So when is TCO most useful? First, if the team does not have a clear understanding of what solutions to consider, a quick TCO analysis of current costs can help determine where they may be too high, or where service level issues are costing the business. This is especially useful if the team can compare the current company TCO to those of peers and competitors. With specific knowledge of high costs or poor service levels, the team can prioritize various practice, capability and maturity improvements.

When the team reaches consensus that a particular solution is needed, such as a new business application, and there are several similar solutions that might work at delivering the same, or similar benefits, TCO is helpful to compare the cost of these solutions head-to-head to determine which solution will be most cost-effective over its useful lifecycle.

TCO is less effective at comparing solutions that are dissimilar. Often, vendor marketing campaigns use TCO in a less than credible manner to highlight competitive advantages without comparing solutions that deliver similar business benefits or capabilities. For example, our studies of server TCO reveal that if workloads are not precisely aligned for each solution being compared -- or the optimal number of servers are configured to support the performance and service levels needed -- results can vary by 20-40% or more.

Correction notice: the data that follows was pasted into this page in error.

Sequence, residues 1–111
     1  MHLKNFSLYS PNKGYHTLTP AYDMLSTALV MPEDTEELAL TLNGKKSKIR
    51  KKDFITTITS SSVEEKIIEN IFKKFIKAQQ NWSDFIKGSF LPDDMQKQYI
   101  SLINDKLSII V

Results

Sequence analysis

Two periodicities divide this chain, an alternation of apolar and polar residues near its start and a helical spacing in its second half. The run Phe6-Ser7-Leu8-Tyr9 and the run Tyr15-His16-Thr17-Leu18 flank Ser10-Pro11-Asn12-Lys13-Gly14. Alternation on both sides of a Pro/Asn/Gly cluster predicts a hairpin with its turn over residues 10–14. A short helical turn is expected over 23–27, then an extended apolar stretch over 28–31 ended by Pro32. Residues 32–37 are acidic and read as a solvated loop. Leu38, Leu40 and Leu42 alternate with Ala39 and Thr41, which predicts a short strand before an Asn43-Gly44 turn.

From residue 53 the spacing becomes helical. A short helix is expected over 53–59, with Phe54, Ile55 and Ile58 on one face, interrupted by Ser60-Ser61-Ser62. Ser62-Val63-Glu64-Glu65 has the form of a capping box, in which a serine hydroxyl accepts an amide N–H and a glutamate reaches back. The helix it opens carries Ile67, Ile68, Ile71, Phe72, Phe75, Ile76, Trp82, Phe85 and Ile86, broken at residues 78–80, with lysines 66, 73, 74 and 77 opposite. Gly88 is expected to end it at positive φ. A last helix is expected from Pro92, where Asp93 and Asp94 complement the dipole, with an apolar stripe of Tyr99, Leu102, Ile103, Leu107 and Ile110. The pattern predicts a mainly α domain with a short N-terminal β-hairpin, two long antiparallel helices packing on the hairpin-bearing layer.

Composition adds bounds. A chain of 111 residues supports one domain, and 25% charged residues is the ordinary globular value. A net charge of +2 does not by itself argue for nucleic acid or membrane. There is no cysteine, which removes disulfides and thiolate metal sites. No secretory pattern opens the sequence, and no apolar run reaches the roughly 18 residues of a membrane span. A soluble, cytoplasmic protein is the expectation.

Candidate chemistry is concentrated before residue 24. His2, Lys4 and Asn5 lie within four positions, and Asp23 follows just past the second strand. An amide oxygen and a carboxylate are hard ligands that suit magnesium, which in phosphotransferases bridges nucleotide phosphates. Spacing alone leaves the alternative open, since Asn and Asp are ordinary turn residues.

TCO analysis also requires that a proper and complete cost accounting be performed, that captures all costs for each solution. More often than not, various TCO studies ignore critical cost factors and do not use a complete chart of accounts, leaving out critical costs such as tallying all change costs, administration and support labor, security risks, downtime and shadow support.

Projects for which TCO can help make the best decisions include:

  • Computing platform and operating system (Red Hat Linux vs. Microsoft Windows Server 2003, or blades vs. rack mount)
  • Database and application platforms (Oracle vs. Microsoft SQL) Build vs. buy
  • Manage your own vs. managed services vs. hosted solution
TCO is a valuable tool in mature IT decision making, providing a framework for finding cost issues, and helping teams focus beyond initial acquisition costs to consider full lifecycle expenses.

Tom Pisello is the CEO of Orlando-based Alinean, the ROI consultancy helping CIOs, consultants and vendors assess and articulate the business value of IT investments. He can be reached at tpisello@alinean.com.


This was first published in September 2005